5 Steps To Singing with a Perfect Onset

5 Steps To Singing with a Perfect Onset

A vocal onset is the manner in which your resonance begins from silence. Release of air before you achieve resonance is called an aspirator or breathy onset and often results in flat singing, as well as drying out your vocal folds leading to potential strain. Now, on the flipside, if you sing with total vocal fold closure before you release any air, you will be performing a Glottal Onset or an Attack, which can be very damaging to your voice and often results in slightly sharp intonation. The perfect onset is known as a balanced on coordinated onset where you directly centre your airflow and vocal chord closure at the perfectly timed moment.

This is often easier said than done, and many singers struggle to achieve perfect balance in their onsets, leading to inconsistency in their singing from time to time when their onset is not coordinated correctly. This tutorial will show you 5 simple steps you need to take to sing with a perfect vocal onset every time.

#1 – Diaphragmatic Breathing

I know, breathing is boring, but it’s an incredibly important boring subject. Without the right approach to breathing not only will your onsets suffer, but you will also struggle with almost every other aspect of singing. Breathing is paramount to great singing, and by proxy is paramount to a great onset.

In singing, you actually need diaphragmatic engagement to breathe effectively. The diaphragm is a dome-like muscle that sits at the base of your lungs, and when engaged through use of adjoining musculature and the right thought process, lowers to create a negative space that instantly fills with air. This air then allows your vocal folds to vibrate with air pressure, ultimately creating the resonant sound we know as a singing.

#2 – Vocal fold closure

Closing your vocal chords is an important step in singing, and coupled with the right onset can either make or break your vocal technique. A great way to illustrate vocal fold closure is for you to sing a crescendo from light to heavy (without breathiness at the start!) – this change in resonance is due to increased chord closure and an increase of air pressure.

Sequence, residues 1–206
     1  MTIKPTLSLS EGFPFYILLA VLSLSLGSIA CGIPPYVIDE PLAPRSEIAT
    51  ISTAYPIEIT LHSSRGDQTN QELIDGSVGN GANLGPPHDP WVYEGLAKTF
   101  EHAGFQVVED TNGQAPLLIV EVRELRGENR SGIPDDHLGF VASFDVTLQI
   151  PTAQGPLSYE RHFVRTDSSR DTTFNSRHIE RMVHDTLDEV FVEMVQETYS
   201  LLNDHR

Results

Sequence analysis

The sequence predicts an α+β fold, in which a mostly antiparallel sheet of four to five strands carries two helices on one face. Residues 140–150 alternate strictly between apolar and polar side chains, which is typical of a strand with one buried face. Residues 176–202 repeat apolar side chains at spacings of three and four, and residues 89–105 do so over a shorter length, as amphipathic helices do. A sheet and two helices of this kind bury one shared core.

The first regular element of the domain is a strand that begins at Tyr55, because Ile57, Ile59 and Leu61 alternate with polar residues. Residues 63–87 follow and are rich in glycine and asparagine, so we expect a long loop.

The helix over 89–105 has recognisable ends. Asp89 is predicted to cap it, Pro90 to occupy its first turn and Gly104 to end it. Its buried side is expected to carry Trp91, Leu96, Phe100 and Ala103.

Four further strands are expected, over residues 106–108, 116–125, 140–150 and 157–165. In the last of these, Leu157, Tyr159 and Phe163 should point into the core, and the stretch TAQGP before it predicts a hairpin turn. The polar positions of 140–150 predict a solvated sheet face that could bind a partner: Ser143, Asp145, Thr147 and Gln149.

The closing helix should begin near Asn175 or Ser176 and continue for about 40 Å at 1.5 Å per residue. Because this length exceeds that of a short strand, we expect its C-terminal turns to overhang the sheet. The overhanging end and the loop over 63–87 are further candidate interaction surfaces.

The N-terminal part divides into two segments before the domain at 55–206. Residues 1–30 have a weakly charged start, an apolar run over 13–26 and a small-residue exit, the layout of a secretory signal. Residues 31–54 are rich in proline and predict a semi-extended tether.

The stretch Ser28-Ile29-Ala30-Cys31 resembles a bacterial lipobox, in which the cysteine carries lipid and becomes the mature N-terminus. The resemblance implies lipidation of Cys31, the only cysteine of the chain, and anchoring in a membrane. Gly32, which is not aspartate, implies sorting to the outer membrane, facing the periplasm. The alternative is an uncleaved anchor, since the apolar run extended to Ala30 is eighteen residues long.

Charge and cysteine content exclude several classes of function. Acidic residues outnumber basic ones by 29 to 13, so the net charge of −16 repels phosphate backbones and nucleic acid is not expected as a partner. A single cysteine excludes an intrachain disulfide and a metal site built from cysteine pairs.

#3 – Support

We talked about diaphragmatic breathing and vocal fold closure, but what about ongoing support when you sing? Managing your airflow and air pressure in a continuous manner to facilitate consistent and efficient resonance throughout a full vocal phrase is known as support, and is linked to both your breathing and your posture.

In short, support, often known as Appoggio, occurs when you moderate your airflow SOLELY through engagement and use of the diaphragm instead of a contraction of your ribs like often happens in speech. Continually managing your air pressure and maintaining consistent air flow is the key to support, and also key to singing with a perfect vocal onset every time.

#4 – Balance

Every single aspect of singing requires balance, from your resonance to your registers, to breathing to onsets and everything in between. A great way to practice balance between vocal chord closure and airflow, ultimately providing your with a balanced onset, is to practice the same crescendo we just spoke about, but incrementally start the crescendo from a heavier place without closing your vocal folds first. Eventually, you will simply be able to ‘resonate’ without any other sound or aspiration of air occurring before the moment of sound.

#5 – Articulation

If your vowels suck, your onsets will suck – there’s no other way to be cleared with this about you. If you aren’t forming your vowels properly, or you’re only practicing your onset on ONE specific sound (such as mmmm-AY, or mmmmm-AH), then your voice will probably be fine in scales and a warmup, but will struggle during actual songs where you are required to sing an onset on any number of other sounds. Vowel articulation carries over into many different elements of a great singing voice – are you shaping your vowels properly?

Remember, while your voice is able to sing with a breathy or glottal onset, the only truly healthy way to permit an onset is by balancing your airflow and chord closure. Sure, you can lean to one side or the other for a heavier or lighter sound with less or more chord closure, but you must still balance between the two and never start either closure or aspiration before you intend to start your resonant sound.

A great place to start is the free courses here at BVS which will show you how to set up a strong foundation and allow you to develop a balanced onset in a more efficient manner. When you’re ready to take your voice to the next level with professional voice coaching, you can book a Skype Session and we’ll work towards extending your range and building consistency in your voice every time you sing.

If you have any questions about singing with a balanced vocal onset, feel free to leave any feedback or questions below!

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